As every experienced burn injury lawyer knows, fireworks injuries increase around the Fourth of July each summer, as families celebrate our nation’s independence with these exciting displays. According to the U.S. Centers for Disease Control and Prevention (CDC), fireworks injuries send thousands of Americans to the emergency room each year and cost hundreds of thousands of dollars in medical bills, lost wages, and other expenses.
According to the CDC, 7,000 U.S. residents were injured and seven were killed by fireworks in 2008 alone. Children and teens are at the highest risk for fireworks-related injuries: nearly half of those injured each year are younger than twenty years old. People who are actively involved in setting off fireworks are more likely to be injured than people who are merely watching.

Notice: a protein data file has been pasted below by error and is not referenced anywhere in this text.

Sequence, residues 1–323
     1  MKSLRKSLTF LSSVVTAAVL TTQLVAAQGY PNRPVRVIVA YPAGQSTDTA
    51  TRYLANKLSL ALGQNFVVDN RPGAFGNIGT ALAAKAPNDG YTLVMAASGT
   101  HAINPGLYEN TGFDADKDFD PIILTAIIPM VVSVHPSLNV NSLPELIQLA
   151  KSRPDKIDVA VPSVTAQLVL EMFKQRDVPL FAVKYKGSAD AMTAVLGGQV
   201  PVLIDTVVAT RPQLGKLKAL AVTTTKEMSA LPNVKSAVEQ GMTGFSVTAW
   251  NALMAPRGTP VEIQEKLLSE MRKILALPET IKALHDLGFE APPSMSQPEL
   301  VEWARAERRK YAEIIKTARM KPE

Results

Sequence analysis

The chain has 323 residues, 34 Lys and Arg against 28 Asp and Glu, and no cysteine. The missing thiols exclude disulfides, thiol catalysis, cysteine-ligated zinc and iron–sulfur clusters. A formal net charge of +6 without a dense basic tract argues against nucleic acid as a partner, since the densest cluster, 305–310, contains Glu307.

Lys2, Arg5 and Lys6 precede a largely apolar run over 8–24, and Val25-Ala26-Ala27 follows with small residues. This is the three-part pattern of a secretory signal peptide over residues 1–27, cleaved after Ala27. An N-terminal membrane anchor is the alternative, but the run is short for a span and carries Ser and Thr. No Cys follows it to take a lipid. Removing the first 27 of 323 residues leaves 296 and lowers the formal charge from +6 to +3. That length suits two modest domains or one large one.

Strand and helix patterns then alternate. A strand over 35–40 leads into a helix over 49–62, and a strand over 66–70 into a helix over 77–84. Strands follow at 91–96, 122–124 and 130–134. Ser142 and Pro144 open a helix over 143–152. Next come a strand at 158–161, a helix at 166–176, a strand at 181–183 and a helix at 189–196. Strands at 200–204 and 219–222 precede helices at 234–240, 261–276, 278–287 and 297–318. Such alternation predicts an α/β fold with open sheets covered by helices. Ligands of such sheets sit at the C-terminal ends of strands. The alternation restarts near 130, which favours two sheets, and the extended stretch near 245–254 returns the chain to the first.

Common fireworks-related injuries include burns and injuries to the face, head, and hands. Severe fireworks injuries may include severe burns to large portions of the body or dismemberment. Fireworks can also start home or car fires that can cause serious injury or death.
The U.S. Consumer Product Safety Commission (CPSC) is responsible for creating and enforcing regulations to ensure that fireworks meet a minimum safety standard. If fireworks don’t meet these standards, the manufacturer may be held liable. However, just because fireworks do meet CPSC standards doesn’t mean they’re safe. Fireworks are designed to explode, and these explosions can cause injury. The best course to increase safety is to skip the backyard display altogether and leave fireworks shows to the professionals.
Free Case Review